L.A.'s Miracle Mile is attracting several large-scale projects that could reshape the corridor of museums and office towers.


The city of Los Angeles has approved six Miracle Mile projects that would add 757 units of housing and more than 100,000 square feet for ground-floor shops and restaurants.


"It's just ripe for development," said Renee Weitzer, chief planning deputy for Councilman Tom LaBonge, whose 4th Council District includes the Miracle Mile. "There hasn't been any good retail there and there's a lack of restaurants, but the people living there really want those things."


Some residents, however, are becoming uneasy about the impact that the development could have. Just to the north is Third Street, where the confluence of the Grove shopping center and several residential developments has added to the area's congestion. There are also environmental concerns, given the area's large deposits of methane gas.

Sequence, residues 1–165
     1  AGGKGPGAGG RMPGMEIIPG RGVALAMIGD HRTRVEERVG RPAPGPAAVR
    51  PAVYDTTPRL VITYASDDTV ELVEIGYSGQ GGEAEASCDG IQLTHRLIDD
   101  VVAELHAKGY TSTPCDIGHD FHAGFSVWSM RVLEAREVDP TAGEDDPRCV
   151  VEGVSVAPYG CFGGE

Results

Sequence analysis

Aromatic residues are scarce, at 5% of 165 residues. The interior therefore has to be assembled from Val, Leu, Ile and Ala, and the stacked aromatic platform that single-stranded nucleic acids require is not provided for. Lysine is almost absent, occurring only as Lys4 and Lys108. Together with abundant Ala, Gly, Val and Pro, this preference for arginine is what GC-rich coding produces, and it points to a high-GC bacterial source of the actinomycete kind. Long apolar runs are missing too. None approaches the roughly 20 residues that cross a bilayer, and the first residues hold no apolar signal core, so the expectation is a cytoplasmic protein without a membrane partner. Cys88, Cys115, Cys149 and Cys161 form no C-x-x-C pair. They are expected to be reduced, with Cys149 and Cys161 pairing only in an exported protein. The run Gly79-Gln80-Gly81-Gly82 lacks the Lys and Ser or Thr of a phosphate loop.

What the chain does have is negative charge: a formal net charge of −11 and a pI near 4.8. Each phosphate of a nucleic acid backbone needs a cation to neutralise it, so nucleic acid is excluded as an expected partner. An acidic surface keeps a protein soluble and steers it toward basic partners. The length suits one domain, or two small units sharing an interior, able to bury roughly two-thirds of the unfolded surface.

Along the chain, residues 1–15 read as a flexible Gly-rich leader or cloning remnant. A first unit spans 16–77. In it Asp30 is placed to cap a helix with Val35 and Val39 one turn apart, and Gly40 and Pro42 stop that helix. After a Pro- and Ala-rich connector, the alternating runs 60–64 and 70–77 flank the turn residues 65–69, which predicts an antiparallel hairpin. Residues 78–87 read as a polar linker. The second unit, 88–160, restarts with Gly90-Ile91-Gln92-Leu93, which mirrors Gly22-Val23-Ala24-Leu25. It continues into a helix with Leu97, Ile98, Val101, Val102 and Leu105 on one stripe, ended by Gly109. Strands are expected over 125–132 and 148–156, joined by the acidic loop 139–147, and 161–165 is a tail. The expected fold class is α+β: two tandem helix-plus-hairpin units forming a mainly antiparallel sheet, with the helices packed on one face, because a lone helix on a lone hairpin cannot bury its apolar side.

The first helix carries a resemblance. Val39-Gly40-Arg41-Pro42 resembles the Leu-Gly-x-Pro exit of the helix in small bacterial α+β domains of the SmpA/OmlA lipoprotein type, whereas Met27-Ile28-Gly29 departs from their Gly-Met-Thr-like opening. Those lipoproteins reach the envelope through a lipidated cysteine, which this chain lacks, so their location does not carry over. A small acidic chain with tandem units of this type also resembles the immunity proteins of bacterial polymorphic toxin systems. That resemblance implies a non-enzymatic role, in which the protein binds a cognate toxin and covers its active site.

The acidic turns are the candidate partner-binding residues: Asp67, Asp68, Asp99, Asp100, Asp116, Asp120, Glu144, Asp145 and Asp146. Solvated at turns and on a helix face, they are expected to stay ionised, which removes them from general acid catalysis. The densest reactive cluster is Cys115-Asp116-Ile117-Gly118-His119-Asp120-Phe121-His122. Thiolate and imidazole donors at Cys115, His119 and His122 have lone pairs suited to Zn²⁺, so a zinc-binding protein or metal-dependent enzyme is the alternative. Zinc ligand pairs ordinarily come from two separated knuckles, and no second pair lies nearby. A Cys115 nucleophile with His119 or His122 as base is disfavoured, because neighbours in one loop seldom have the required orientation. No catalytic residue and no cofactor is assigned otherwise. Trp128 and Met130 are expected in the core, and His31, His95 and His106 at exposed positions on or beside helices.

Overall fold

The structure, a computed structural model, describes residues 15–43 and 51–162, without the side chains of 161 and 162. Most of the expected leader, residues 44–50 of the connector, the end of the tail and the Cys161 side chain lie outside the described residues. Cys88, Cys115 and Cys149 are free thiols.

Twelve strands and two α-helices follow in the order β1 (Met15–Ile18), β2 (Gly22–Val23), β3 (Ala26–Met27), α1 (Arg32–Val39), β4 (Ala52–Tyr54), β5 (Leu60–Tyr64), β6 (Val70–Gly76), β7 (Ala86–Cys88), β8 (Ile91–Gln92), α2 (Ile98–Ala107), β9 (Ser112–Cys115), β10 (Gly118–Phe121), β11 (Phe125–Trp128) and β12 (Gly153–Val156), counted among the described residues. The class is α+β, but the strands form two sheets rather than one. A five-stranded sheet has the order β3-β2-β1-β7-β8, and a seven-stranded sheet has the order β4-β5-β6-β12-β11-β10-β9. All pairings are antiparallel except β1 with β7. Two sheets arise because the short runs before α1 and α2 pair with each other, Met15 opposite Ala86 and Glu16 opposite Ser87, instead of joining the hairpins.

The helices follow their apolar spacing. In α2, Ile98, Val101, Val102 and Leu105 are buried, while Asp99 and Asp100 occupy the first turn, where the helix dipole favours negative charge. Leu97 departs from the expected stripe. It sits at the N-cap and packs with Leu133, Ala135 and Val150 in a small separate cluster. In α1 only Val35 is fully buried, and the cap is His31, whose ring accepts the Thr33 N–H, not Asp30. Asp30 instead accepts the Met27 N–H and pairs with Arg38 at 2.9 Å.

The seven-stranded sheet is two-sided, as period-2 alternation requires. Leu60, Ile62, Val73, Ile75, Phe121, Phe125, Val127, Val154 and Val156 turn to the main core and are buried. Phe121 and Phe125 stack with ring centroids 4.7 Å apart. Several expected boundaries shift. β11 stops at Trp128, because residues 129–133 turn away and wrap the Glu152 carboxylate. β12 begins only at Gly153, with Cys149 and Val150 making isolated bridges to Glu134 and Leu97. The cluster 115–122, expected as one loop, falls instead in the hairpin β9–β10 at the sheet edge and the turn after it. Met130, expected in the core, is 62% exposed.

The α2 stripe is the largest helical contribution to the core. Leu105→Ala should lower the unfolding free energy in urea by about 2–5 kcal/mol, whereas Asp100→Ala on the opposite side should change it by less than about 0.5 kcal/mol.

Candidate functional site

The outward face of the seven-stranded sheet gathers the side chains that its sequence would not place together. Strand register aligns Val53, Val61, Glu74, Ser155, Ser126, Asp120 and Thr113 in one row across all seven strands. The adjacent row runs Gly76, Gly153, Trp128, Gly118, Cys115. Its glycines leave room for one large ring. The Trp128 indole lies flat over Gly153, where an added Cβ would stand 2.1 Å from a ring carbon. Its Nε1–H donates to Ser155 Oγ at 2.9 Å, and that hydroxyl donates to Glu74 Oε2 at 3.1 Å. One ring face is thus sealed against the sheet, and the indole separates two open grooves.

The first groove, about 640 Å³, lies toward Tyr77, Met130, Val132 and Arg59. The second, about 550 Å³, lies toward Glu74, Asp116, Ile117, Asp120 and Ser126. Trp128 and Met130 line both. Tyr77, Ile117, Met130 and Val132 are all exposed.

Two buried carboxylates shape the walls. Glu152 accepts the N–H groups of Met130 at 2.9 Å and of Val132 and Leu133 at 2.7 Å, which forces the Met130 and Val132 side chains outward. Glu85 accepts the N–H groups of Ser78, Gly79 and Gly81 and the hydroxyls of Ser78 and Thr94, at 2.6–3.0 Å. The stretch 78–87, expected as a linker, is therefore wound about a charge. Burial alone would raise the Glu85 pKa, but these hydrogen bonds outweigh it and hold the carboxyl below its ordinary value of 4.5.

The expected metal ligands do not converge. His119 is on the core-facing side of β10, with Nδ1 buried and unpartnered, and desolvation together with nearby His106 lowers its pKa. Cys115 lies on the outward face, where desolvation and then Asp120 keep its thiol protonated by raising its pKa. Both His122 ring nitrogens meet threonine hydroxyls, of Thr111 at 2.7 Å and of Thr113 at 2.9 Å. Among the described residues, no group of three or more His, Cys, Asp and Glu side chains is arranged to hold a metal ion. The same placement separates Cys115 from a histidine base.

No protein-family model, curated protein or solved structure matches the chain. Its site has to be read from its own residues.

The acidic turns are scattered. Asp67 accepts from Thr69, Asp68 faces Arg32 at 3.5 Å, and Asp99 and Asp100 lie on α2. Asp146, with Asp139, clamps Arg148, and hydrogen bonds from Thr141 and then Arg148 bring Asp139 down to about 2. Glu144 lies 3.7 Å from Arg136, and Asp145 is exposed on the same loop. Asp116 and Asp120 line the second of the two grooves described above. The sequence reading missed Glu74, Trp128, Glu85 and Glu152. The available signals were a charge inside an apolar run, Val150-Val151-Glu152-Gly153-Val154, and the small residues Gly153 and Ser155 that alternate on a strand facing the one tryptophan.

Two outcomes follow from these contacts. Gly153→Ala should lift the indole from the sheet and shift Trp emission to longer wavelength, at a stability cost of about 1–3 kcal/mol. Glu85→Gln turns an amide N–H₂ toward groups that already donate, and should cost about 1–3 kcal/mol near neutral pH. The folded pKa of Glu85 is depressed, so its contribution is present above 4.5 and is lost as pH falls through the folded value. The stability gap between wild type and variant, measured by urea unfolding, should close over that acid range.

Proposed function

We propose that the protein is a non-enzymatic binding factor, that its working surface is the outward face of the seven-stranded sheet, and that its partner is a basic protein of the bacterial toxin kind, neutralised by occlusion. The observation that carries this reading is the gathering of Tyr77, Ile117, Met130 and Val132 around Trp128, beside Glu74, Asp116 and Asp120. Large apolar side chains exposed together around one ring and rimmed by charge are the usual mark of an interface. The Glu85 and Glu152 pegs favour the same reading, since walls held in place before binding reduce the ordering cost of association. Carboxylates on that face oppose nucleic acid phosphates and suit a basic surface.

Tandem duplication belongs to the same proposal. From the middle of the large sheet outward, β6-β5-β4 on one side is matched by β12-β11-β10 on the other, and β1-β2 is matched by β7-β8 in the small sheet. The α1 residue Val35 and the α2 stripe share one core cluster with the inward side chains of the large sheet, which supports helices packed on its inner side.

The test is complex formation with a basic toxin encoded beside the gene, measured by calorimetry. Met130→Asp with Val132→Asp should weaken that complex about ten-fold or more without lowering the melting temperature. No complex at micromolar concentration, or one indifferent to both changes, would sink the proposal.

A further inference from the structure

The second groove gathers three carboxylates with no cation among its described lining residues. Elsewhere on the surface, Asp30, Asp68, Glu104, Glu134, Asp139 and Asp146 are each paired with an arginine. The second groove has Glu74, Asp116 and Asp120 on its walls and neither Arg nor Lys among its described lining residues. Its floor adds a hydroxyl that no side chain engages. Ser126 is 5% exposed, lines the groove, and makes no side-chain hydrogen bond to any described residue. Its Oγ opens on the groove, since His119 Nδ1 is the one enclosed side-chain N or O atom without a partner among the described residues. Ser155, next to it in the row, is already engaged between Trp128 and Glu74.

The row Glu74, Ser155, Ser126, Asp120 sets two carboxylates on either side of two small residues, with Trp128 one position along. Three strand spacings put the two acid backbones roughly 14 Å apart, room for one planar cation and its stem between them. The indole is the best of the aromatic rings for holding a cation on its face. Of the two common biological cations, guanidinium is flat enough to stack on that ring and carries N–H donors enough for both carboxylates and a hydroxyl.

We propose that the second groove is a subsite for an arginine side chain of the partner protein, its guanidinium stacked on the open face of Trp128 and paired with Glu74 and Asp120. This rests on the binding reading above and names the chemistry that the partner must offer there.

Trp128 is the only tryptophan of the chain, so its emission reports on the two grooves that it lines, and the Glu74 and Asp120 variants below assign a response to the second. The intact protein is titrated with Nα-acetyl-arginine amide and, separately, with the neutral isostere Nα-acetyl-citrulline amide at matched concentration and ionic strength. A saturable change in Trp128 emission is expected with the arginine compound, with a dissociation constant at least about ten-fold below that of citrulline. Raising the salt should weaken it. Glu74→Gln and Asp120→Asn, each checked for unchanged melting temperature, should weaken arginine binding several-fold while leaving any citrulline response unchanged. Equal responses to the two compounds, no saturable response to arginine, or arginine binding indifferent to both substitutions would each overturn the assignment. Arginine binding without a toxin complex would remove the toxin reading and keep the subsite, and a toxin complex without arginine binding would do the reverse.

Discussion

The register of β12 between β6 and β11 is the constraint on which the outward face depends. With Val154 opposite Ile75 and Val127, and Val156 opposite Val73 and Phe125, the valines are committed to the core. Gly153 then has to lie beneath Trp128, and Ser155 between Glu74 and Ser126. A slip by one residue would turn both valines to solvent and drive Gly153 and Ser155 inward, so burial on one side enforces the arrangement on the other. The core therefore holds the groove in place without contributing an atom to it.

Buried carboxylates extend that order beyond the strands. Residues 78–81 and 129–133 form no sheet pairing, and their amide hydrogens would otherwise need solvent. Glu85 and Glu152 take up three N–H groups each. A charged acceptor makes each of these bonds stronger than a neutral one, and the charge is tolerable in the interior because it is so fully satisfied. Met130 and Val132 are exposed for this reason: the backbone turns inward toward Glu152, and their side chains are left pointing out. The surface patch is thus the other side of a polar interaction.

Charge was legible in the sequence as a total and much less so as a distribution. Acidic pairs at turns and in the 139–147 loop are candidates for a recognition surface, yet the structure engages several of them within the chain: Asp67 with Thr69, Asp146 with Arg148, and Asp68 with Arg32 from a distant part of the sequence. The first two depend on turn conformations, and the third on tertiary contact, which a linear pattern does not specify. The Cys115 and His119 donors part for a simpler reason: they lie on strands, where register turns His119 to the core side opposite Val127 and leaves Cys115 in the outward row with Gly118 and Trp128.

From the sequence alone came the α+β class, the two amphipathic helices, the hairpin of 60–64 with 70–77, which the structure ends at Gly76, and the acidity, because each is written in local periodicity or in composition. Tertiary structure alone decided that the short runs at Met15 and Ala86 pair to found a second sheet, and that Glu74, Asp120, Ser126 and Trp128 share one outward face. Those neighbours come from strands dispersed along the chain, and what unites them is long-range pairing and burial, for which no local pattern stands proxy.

While some urban planners salute the trend among developers to move inward instead of sticking to the outlying suburbs, there is general concern among homeowners groups and others about the inevitable effect of the additional population. The development activity has also spurred new design guidelines.


"There is no elasticity," said Bart Reed, executive director of the Transit Coalition, which advocates building more subway and light rail lines. "There is no more room on these streets."


Rickie Avrutin, who lives in the same house on Curson Avenue where she grew up, worries about the high cost of rents, given the lack of affordable housing in the neighborhood. And she's also concerned about the projects' impact on the area.


"The street I live on is a narrow street that is now used as a thoroughfare, even with the speed bumps." Said Avrutin, a neighborhood council member. "It is bumper to bumper during rush hour."


Weitzer downplays the potential for problems. "As these things come online, people are getting anxious about the added traffic," she said. "Wilshire is still a good street. You know, there's going to be traffic in this city and we try to mitigate it whenever we can."


Running between La Brea and Fairfax avenues, Miracle Mile is home to the Los Angeles County Museum of Art, the La Brea Tar Pits and a bustling office district serving as a base for numerous media companies. But the strip offers few amenities for residents in the neighborhoods to the north and south. Office workers clog the artery during the day but leave it relatively empty at night.